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Old 04-24-2013, 06:43 PM   #1 (permalink)
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Looking for advice on leash training, making the walk fun and enjoyable! :)

Well some days are better than others but Luna just turned 6 months old and I'd like to get this leash training down pat! I use a martingale slip collar with a 5 foot bungie leash. At times I will let her lead (walk in front) but I take in slack often and slow her down to walk at my pace/beside me or slightly in front. I use "pops" to correct should she see another dog or bird or frog etc. and she usually gets the point.."I dictate the walk, I'M in control". Here are the issues I'm having.

Obviously we own a somewhat stubborn breed here but I've noticed that if Luna gets something in her mind (i.e. I want to go smell that bush) she is very persistent despite my corrections. The worst is obviously with seeing and wanting to meet/play with other dogs while on walks. She will pull and my correction of simply stopping and "popping" doesn't really register. She will just pull. harder.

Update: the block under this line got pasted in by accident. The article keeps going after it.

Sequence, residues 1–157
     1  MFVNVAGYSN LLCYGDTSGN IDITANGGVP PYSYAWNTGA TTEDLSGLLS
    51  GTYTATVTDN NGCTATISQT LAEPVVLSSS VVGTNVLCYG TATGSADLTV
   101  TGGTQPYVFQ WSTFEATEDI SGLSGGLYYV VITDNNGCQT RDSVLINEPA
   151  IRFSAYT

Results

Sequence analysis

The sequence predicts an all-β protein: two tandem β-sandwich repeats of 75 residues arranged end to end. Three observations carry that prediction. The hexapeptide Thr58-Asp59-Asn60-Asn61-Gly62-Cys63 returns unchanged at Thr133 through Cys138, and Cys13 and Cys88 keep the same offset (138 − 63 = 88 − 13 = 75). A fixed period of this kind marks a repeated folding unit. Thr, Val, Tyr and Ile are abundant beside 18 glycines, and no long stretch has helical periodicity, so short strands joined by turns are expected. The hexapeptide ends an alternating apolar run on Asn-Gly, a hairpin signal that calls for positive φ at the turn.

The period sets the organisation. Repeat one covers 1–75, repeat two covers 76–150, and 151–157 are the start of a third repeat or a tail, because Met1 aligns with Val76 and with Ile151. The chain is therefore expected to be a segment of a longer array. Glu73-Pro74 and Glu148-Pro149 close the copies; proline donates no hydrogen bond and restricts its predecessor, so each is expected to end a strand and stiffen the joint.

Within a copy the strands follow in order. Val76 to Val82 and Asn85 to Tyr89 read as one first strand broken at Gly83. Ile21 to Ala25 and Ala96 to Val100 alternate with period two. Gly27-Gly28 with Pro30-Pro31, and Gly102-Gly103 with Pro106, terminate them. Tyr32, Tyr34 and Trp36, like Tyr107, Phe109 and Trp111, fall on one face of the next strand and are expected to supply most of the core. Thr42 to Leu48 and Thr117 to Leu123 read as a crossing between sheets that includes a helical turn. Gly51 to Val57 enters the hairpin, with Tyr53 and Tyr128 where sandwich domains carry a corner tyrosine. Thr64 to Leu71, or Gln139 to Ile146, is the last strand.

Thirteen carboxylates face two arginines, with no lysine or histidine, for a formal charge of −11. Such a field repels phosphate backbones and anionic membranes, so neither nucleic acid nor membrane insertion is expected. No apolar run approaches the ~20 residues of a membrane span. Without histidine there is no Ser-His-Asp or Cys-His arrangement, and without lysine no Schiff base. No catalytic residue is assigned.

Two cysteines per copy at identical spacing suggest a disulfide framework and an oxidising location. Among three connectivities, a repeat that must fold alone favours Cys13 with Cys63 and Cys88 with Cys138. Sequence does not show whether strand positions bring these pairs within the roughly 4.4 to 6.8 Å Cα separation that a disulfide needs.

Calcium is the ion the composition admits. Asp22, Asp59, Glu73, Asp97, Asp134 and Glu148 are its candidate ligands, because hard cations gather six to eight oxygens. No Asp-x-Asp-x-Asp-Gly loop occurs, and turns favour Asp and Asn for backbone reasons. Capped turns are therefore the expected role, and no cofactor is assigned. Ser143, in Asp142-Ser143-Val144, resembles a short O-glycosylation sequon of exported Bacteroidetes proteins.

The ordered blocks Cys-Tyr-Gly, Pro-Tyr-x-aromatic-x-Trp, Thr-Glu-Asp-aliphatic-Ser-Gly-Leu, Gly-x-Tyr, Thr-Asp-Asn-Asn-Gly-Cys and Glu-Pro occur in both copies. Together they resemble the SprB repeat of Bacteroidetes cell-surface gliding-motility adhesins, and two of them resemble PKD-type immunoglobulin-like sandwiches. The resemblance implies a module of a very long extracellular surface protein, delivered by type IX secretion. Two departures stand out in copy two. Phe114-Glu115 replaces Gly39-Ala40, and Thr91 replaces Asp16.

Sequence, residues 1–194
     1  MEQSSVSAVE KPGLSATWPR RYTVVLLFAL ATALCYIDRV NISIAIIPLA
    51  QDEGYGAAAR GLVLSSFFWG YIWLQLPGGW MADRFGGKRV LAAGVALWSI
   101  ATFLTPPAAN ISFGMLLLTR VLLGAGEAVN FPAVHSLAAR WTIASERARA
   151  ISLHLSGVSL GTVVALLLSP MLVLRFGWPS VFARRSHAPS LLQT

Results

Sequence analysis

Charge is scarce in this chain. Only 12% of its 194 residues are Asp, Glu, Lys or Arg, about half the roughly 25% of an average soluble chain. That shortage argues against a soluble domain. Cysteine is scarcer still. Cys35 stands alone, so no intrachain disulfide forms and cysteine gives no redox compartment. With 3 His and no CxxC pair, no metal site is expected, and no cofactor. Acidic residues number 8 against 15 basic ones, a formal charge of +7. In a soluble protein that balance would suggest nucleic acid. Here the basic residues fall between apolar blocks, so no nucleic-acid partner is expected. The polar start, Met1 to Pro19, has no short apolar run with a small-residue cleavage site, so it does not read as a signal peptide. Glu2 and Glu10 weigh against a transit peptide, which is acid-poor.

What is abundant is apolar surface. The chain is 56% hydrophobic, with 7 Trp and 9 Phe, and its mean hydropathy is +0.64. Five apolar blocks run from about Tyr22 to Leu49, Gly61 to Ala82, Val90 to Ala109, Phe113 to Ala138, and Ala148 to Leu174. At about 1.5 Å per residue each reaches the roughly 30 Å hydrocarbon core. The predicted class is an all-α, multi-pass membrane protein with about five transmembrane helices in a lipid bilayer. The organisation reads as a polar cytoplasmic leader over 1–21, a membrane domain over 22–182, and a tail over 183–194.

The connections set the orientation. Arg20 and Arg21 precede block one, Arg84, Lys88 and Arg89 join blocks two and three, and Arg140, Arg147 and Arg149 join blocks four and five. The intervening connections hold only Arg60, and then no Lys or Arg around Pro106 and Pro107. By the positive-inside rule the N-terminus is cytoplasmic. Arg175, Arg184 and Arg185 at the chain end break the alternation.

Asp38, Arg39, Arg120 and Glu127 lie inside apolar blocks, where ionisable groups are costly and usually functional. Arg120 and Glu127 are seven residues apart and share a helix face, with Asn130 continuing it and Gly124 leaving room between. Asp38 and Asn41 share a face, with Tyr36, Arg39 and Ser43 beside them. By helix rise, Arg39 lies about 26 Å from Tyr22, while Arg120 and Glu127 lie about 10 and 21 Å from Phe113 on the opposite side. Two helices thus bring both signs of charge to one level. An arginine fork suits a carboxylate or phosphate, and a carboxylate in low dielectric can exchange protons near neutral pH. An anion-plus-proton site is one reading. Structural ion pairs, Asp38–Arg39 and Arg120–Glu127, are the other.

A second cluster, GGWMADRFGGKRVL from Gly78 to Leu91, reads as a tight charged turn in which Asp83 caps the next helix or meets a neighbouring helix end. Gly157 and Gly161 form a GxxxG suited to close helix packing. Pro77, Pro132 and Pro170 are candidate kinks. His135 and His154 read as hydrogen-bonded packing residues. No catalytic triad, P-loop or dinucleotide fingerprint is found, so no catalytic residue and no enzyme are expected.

Let's say we are stopped just hanging out in the grass (I live on a golf course and greenbelt and she likes to sit and watch the golfers tee off lol). When I decide it's time to go, I feel like I have to DRAG her which not only looks bad but can over time be harmful to her trachea. Now when I say DRAG I mean that I firmly pull her to let her know "we are leaving and you need to walk this way"...most times she understands and puts her ears back (so cute) and looks at me then quickly jots along as desired. Buuuut there are quite a few times where she simply refuses to walk and it has come to a point where she will lay down in the grass (she loves it as it's cool in this AZ heat) and sprawl out (lol see pic below) refusing to move! It's almost as if she wants me to deag her through the grass as it feels good and is a game!